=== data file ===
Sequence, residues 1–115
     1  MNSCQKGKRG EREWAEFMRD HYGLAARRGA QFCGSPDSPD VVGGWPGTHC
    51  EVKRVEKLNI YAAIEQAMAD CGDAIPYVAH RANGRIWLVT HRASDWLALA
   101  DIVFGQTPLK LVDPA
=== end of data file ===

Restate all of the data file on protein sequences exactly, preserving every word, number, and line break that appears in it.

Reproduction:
Sequence, residues 1–115
     1  MNSCQKGKRG EREWAEFMRD HYGLAARRGA QFCGSPDSPD VVGGWPGTHC
    51  EVKRVEKLNI YAAIEQAMAD CGDAIPYVAH RANGRIWLVT HRASDWLALA
   101  DIVFGQTPLK LVDPA